My travels took me to the back streets of north-west Chengdu. The first thing I noticed was that not too far up the road a small area had been cord­oned off where tiles had come down, smashing into stone steps. For­tun­ate­ly, no one seems to have been outside that building (near a branch of the Bank of China) at the time the quake struck, the tiles having clearly hit the steps with some force. Nonetheless, that’s only the second instance of vis­ible external damage I’ve seen to a building in Chengdu. I did see one other building which might’ve been damaged by the quake, but it was hard to tell precisely whether it was recent.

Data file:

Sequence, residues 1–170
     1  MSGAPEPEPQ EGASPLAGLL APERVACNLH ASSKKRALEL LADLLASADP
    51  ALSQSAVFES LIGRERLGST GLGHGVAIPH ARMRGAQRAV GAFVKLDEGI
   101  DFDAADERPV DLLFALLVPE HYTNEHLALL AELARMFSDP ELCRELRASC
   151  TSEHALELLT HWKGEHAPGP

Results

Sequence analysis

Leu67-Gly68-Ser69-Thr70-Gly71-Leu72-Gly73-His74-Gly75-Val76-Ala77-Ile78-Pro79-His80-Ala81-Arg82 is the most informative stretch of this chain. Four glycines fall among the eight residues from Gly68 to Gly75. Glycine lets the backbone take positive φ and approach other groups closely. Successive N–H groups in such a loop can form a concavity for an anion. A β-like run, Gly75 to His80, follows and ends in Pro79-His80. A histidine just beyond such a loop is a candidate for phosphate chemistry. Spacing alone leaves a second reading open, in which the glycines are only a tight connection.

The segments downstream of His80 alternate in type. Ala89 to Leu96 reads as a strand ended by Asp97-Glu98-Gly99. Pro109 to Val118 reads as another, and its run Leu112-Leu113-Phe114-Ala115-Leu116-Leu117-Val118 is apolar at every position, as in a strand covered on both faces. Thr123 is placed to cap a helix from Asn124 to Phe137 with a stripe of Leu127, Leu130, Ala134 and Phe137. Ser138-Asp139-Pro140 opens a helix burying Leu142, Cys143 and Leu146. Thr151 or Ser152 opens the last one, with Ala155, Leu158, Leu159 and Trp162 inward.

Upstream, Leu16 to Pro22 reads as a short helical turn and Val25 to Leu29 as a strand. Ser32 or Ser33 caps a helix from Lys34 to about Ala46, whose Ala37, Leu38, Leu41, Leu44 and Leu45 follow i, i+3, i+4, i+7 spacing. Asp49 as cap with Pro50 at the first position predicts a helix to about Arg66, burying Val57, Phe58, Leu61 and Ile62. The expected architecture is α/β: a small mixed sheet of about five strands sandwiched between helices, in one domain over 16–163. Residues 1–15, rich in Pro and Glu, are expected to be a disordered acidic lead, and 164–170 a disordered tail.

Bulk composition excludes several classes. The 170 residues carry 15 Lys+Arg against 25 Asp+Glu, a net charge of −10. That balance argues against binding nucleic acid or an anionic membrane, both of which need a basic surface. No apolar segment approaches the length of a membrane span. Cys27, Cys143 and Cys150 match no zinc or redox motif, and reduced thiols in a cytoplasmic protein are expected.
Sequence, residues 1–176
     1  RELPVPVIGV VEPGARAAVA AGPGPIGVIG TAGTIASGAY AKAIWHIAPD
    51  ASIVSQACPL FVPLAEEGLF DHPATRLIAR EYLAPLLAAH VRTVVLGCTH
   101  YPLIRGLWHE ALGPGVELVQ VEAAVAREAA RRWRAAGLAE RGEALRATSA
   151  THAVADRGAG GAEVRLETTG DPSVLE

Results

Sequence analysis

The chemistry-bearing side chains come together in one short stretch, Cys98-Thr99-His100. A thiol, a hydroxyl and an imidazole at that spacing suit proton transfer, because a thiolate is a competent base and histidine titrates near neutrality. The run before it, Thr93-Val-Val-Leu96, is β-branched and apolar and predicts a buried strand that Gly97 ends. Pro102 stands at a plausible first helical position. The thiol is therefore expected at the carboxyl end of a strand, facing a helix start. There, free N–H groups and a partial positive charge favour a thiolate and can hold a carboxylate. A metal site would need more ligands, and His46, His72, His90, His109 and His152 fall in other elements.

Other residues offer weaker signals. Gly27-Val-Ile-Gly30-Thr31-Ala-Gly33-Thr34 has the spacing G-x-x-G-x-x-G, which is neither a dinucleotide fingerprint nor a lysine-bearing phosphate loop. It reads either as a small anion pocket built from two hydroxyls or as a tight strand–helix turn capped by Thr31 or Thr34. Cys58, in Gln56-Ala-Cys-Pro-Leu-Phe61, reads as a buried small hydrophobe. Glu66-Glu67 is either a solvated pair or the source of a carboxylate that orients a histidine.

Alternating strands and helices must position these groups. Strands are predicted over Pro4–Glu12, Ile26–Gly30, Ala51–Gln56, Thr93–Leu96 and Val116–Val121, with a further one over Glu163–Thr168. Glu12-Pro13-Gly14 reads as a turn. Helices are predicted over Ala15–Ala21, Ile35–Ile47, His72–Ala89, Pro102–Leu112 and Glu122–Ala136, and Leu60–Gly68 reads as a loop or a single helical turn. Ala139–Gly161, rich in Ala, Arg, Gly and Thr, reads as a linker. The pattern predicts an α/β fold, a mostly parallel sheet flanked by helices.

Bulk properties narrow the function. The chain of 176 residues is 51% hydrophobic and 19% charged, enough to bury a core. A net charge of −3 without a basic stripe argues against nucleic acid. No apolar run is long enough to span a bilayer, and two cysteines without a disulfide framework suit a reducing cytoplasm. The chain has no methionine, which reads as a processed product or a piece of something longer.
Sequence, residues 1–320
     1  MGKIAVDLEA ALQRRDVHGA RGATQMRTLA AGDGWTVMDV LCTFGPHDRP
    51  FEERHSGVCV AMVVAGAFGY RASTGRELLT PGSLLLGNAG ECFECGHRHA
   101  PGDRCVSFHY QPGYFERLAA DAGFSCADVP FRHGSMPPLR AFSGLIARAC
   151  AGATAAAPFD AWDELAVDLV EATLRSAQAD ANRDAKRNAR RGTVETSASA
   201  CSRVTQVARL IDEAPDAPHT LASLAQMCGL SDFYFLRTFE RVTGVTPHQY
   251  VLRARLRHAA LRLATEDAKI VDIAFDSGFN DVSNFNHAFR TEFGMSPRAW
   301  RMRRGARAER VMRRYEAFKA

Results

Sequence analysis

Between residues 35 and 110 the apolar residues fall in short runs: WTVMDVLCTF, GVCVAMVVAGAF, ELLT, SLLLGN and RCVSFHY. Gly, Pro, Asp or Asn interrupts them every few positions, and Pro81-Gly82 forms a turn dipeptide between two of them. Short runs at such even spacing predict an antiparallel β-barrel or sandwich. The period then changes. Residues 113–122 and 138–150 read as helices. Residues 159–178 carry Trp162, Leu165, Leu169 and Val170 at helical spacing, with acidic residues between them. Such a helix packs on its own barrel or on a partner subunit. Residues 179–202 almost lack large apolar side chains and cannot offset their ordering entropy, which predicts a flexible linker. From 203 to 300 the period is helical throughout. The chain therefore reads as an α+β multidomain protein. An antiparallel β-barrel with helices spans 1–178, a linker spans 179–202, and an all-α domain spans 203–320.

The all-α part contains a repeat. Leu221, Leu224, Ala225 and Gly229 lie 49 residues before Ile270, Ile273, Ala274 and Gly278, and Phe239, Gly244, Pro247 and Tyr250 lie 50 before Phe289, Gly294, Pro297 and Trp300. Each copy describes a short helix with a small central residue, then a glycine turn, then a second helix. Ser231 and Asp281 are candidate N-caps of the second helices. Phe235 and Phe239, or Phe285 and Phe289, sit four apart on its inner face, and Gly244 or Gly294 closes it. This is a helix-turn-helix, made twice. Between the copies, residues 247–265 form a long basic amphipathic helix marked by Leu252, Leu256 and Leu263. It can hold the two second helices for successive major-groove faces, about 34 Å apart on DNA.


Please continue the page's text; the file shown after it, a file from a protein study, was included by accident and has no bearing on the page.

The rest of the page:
Off the beaten track, I found that a lot of people are still camping outside in tents, which doesn’t surprise me after last night’s quake and thunder­storm. That must’ve continued to rattle people as it rattled me. I’m still hoping that other aftershocks will have the decency to wait until after class before they arrive because the last thing I need is a bunch of hysterical adolescents on my hands.

I see I managed to get a little sunburnt. So much for Sichuan dogs barking at the sun.

Finally, I should mention Steve’s China Blog (blogspot, thus blocked, of course) as another source of quake news from Chengdu.

More than just a window rattler

Another aftershock.

We got hit by another very noticeable aftershock at around 1.10am. According to kmm’s info from the USGS website, it was a 5.7 on the Richter Scale. It certainly set my nerves jangling quite a bit. I hate to think how the people in Wenchuan and the more badly affected areas must feel every time another tremor hits them.